"Leaders Preserving Our Future" with the World Preservation Foundation
When Gerorge Media attended the Leaders Preserving Our Future: Pace and Priorities on Climate Change conference, it marked somewhat of a departure from our normal reporting avenues. The conference focused heavily on food securities and threats (including resource exploration) that face glacial melts in regions such as Antarctica. It was an importat event for looking at how the day-to-day efforts of many companies featured are viewed by environmentalists and some of the down-path causes and effects for food and farming. With a mind to resources that have more of a direct application to global food securities, such as phosphate, we saw what experts had to say.
Kicking off the day’s proceedings was Geoff Tansey, Trustee for the Food Ethics Council UK, who spoke about raising awareness of near-term climate change solutions. Tansey spoke about how we might ensure food security on a global level, including ethical thinking which ought to be at the heart of discussion, such as considerations for local justice. In laying out our attitudes to food today, Tansey explained how we have “a dysfunctional food system” and what it will take to really turn to more sustainable food systems. He talked about the threat climate change poses to international food security, such as its unpredictability for crops and the demands on food pricing. His definition of good “food justice” centred on fair sharing of food, on the issue, fairly playing by the rules, production, waste, consumption and dialogue.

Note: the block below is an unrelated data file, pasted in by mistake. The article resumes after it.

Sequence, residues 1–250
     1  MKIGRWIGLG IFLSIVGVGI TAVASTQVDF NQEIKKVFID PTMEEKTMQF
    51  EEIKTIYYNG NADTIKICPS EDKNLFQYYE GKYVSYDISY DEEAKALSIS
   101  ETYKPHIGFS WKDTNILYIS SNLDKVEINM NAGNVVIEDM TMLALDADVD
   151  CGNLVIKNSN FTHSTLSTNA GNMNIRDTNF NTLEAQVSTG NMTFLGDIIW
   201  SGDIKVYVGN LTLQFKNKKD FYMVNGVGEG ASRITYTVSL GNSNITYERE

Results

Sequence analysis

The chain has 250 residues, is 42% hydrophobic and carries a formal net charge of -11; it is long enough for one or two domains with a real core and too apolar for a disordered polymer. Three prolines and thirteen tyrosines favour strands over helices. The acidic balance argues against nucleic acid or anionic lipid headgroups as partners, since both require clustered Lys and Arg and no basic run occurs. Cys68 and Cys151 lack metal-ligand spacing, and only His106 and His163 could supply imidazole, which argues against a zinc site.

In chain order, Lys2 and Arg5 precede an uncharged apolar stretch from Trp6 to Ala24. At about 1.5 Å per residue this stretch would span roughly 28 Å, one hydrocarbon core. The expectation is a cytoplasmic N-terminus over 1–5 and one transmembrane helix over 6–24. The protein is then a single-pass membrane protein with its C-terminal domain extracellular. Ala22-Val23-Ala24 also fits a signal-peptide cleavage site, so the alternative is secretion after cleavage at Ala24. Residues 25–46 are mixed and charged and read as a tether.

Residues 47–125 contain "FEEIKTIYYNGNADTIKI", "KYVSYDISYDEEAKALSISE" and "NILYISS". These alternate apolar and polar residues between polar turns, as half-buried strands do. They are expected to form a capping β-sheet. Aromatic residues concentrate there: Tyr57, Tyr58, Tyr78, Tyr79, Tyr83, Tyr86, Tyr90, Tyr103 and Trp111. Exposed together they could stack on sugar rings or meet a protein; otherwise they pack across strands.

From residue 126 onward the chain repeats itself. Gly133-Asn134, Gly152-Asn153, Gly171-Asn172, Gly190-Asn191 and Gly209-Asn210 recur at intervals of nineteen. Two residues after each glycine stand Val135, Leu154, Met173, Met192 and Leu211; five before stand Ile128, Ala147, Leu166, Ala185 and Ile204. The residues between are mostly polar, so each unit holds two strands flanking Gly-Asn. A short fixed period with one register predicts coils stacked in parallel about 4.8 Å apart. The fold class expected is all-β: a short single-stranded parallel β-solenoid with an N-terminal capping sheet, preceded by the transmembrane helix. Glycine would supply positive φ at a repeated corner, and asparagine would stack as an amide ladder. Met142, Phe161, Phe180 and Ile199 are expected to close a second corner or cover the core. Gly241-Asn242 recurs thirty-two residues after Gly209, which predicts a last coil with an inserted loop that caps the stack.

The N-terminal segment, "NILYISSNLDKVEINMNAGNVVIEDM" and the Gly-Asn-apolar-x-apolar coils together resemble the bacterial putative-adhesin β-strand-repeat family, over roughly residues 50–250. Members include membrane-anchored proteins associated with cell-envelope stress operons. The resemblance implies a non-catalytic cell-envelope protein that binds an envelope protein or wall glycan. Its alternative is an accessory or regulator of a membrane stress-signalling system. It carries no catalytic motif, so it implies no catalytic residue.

“We need to see this as a time of opportunity as well as danger,” Tansey told attendees.
His approach was later praised by John Topping, President of the Climate Institute, who said that a focus on food and world agriculture was “often underplayed” in climate change debate. Topping looked at why a focus on carbon dioxide alone is not sufficient to stop irreversible tipping points, including the role of shorter lived climate forcers in global warming and the presence of black carbon in the Antarctic. Topping presented a business-as-usual scenario, detailing what will happen over the coming years if we continue with global emissions as we do today. He looked at methane, troposphere, greenhouse gases (GHGs) and black carbon, the latter of which he said is “probably where we can make the biggest difference in the near term.” He explained that successful climate change solutions will involve thinking beyond carbon dioxide challenges and said that the recent U.S. mid-term elections underscore our need to move from focusing on GHGs and focus more on tackling black carbon.
“[Sceptics] breathe so they have to be concerned about climate change solutions,” he said, before identifying the benefits of black carbon reduction including black carbon policy within the Kyoto Protocol, models for poor—rich cooperation and a need for developed countries to continue with black carbon reduction.